The clinician’s long-term implant survival success rate depends on the preservation of the hard and soft tissue around implant after placement. Successful endosseous implant therapy requires integration of the implant with bone, soft connective tissue and epithelium. To help promote successful outcomes, the research showed that the three most widely used implant systems are Branemark, Straumann and AstraTech, each of which possesses its own characteristic surface topography finish. A comparison of these implant systems is provided in Table __ below.

Comparison of Branemark, TiUnite, Straumann and AstraTech Implant Systems

System Description One Piece Two Piece
Branemark (http://www.nobelbiocare. com/en/products-solutions/implant-systems/default.aspx) Brånemark System dental implants are the most scientifically documented in the world and are backed by more than 40 years of published results on their safety, predictability, clinical success, and longevity.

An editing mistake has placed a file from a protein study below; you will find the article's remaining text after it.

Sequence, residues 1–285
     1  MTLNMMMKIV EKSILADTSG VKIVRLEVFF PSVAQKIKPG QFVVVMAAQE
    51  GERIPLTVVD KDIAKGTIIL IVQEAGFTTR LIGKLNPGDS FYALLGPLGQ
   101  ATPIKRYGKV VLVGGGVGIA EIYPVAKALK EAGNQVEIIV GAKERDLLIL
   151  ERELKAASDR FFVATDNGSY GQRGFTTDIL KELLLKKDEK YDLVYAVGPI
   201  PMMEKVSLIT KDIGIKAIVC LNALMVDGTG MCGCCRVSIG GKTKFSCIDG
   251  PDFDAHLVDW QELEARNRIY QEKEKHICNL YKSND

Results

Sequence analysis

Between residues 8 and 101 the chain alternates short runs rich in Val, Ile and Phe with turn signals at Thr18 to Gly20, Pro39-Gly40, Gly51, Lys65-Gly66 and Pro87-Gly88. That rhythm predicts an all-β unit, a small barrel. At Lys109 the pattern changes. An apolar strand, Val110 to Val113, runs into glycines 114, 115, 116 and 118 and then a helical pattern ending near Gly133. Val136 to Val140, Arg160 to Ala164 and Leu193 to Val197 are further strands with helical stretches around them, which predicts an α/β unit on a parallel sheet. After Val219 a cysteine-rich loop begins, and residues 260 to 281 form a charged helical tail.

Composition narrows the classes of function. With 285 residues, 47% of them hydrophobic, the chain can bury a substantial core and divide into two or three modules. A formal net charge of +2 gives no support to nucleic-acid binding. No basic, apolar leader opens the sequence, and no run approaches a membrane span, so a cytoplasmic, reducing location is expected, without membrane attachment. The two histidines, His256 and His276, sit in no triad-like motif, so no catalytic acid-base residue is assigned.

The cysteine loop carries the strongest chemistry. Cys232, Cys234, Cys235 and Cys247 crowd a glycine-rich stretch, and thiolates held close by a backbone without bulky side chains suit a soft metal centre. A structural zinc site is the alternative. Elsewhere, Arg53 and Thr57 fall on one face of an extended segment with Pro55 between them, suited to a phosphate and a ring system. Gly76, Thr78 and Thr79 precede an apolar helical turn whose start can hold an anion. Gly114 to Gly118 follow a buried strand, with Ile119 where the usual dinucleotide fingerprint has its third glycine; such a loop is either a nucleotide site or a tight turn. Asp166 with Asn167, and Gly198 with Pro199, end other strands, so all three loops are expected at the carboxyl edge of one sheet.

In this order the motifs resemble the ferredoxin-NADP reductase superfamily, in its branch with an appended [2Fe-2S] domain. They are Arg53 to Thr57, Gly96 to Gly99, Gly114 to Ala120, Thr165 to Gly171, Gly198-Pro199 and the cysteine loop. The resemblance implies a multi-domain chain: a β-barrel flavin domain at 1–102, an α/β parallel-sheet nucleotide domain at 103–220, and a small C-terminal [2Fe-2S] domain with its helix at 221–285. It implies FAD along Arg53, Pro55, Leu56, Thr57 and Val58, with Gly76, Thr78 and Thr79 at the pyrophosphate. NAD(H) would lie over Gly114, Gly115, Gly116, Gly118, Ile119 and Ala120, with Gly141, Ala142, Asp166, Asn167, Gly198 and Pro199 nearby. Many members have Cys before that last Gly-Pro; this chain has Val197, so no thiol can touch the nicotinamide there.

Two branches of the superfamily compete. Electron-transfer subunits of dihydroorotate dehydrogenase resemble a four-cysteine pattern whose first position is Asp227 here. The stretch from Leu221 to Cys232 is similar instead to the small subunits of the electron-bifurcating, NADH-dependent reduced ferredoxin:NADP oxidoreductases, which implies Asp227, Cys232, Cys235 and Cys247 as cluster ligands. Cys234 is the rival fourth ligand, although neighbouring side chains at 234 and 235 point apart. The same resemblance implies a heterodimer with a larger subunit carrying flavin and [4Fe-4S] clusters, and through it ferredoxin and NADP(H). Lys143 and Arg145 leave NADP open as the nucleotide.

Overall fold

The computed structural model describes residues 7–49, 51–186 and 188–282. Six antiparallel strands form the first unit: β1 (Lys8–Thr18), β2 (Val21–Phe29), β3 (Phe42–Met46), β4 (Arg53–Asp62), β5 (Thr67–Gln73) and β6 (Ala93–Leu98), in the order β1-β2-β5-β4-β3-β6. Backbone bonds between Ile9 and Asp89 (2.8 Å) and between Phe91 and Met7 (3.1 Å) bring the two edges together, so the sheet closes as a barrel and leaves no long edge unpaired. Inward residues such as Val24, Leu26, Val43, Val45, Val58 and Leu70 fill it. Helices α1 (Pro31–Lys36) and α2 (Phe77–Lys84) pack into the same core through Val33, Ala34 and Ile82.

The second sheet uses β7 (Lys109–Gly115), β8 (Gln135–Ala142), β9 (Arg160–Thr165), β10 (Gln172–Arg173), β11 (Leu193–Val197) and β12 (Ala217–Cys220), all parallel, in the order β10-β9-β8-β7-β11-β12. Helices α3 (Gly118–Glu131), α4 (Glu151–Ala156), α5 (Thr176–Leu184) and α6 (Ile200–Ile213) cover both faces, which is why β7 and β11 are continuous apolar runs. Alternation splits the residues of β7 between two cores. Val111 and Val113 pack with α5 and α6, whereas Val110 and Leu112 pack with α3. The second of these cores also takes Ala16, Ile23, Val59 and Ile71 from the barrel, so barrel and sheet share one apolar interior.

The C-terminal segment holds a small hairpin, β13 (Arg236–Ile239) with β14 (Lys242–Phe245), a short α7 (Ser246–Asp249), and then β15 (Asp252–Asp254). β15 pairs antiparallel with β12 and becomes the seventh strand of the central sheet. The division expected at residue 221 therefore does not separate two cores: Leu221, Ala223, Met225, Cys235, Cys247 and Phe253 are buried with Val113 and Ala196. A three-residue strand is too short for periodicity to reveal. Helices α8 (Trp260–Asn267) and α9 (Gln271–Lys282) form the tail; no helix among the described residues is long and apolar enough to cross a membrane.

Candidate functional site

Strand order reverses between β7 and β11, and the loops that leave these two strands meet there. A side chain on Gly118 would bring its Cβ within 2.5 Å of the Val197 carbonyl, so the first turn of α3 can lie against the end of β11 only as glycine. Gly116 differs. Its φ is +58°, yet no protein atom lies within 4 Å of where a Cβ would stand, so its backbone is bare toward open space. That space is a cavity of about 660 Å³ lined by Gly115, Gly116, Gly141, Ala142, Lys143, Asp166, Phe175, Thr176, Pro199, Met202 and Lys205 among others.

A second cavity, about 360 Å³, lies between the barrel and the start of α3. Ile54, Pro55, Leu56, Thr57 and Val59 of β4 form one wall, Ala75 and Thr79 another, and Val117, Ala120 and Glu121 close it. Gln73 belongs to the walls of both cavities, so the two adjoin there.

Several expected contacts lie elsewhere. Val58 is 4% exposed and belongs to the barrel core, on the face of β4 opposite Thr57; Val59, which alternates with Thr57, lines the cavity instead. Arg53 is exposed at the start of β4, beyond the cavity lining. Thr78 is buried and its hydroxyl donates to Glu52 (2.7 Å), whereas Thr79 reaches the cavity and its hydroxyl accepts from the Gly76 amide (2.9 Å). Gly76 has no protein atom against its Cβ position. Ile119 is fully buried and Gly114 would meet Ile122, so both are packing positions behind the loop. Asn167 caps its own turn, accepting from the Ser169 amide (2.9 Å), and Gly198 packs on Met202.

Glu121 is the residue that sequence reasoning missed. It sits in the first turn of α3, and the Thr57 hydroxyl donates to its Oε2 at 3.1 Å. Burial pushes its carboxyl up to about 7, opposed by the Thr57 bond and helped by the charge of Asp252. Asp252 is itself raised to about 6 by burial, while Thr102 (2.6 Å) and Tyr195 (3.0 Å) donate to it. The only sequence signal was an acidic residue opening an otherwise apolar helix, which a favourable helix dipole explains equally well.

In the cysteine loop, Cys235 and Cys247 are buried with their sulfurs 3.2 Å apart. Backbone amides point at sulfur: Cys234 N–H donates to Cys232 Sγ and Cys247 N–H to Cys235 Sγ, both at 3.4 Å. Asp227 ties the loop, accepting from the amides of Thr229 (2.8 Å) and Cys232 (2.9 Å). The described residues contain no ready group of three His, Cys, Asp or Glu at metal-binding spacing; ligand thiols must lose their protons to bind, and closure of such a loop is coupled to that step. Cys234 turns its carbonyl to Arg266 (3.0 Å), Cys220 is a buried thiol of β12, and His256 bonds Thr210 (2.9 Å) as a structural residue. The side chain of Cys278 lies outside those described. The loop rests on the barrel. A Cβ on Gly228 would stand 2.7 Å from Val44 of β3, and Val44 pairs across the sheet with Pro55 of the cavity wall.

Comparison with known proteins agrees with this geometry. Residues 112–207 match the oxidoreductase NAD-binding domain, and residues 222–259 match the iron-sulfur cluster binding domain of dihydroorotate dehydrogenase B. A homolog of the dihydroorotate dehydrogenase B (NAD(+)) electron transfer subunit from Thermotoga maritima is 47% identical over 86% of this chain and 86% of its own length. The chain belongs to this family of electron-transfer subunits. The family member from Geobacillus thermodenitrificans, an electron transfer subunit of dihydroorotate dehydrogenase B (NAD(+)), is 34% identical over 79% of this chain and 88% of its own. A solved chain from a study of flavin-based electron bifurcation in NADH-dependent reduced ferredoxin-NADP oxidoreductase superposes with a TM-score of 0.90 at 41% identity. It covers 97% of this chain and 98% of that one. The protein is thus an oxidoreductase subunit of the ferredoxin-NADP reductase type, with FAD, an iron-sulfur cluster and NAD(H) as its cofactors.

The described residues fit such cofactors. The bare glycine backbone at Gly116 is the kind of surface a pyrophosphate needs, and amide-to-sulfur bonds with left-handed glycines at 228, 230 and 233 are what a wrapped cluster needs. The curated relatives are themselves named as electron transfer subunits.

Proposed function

Key benefits:

1. Ideal for use in dense bone.

2. Enhanced osseointegration.

3. External hex connection.

4. Exceptional restorative versatility for all applications.

The Branemark systems are indicated for both flapless and immediate function cases. Graftless procedures are also simplified with Zygoma and Shorty implants. The system offers complete solution packages for crown, bridge, and implant cases – from temporary to final restorations.

Nobel Biocare offers a range of implants in two drilling protocols – parallel and tapered.

Parallel is the most versatile drilling protocol, enabling fewer drilling steps in common indications and offering a passive fit in dense bone. Also, it can enhance stability in soft bone when under-preparation is possible.

Tapered dental implants follow an easy-to-use, step-by-step drilling protocol. Surgical kits are logically and simply structured and drilling is the same for all indications.

 

 

NobelActive is an advanced, next-generation dental implant featuring a unique, innovative body design and prosthetic connection.

NobelActive is suitable for all indications and offers exceptional primary stability – even in compromised bone situations. It is particularly suited for use in the esthetic zone. Based on its ability to redirect during insertion, it provides clinicians with maximum placement flexibility.